Search for next Australian Cyber Security Centre chief begins

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Search for next Australian Cyber Security Centre chief begins

As outgoing head prepares to leave.

The Australian Signals Directorate has begun searching for a new chief to take charge of the country’s peak technical cyber security authority, the Australian Cyber Security Centre.

The national cyber spy agency put out the call on Thursday in preparation for the departure of outgoing head Rachel Noble, who will become ASD’s new director-general next month.

iTnews understand that it is the first time the high-profile position has been openly advertised since at the 2017 review of Australia’s security agencies. ACSC was opened in November 2014.

Noble, who has been ACSC head since replacing former national cyber security advisor Alastair MacGibbon in June, is the first woman to be appointed to lead a core Australian intelligence agency.

She replaces former director-general Mike Burgess, who left the agency in September to become the new director-general of security in charge of the Australian Security Intelligence Organisation.

The new ACSC chief will be expected to maintain the agency’s position as Australia’s peak technical cyber security authority by delivering programs and capabilities that proactively reduce security risk.

According to the job ad, this include providing advice to individuals, business and critical infrastructure operators to allow them to understand and act on current security threats.

The “highly motivated, outcome driven” SES Band 3 level executive, who will double as an ASD deputy director-general, will also be responsible for providing advice to government on operational cyber security.

“You will also be the Government’s authority on operational cyber security, responsible for shaping and uplifting Australia’s national cyber security ecosystem to help make Australia the safest place to connect online,” the job ad states.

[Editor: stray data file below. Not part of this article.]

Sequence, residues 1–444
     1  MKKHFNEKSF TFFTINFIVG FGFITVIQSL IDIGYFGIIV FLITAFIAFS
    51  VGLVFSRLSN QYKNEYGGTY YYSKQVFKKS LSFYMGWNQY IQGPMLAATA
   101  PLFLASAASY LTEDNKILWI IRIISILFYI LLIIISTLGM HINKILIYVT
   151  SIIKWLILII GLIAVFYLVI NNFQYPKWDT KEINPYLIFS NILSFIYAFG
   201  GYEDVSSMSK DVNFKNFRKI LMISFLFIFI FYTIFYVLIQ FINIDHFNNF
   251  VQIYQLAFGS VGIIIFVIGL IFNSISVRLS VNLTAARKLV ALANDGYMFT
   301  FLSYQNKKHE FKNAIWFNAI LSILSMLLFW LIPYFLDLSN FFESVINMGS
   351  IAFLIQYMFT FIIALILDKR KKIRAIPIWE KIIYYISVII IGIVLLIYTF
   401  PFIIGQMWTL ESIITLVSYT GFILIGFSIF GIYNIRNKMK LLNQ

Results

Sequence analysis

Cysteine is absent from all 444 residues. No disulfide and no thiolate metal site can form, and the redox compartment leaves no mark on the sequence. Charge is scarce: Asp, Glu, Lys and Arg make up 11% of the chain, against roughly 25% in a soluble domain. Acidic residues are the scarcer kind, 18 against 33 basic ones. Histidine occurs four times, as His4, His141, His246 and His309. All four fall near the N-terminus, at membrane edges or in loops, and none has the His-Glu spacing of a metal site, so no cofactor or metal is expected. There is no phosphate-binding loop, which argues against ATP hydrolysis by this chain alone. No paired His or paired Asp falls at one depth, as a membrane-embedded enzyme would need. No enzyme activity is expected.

ASD and ACSC have taken an increasingly hands-on role towards uplifting government cyber resilience since early 2016 after being funded for a program of work that embeds experts in agencies for up to six weeks to evaluate and develop strategies regarding their IT security posture.

The program began around the time of the state-sponsored cyber-attack against Parliament House, which ASD has since branded the country’s “first national cyber crisis”

ASD expects the successful candidate will have a “sophisticated knowledge of cyber security” that has been obtained through extensive work in both the public and private sectors, and must be able to obtain Top Secret Positive Vetting.

“You will have demonstrated experience in exercising sound judgment to manage competing requirements in a highly dynamic strategic, technical and social environment, during a time of increasing demand,” the job ad states.

“Whilst experience working within the National Intelligence Community is not a pre-requisite, you will have a solid understanding of government processes and demonstrate success in working with ministers.

“Additionally you will have demonstrated adaptive leadership capabilities to develop a high-performing operational and technical workforce operating in a challenging and high-pressured environment.”

Applicants have just two weeks to get their application – and accompanying 1000-word response – in, with submissions set to close on January 30.

ASD is also currently looking to fill the role of deputy director-general signals intelligence and network operations.

The position is responsible for “signals intelligence collection, analysis and production, ASD’s network-based access and effects operations including offensive cyber”

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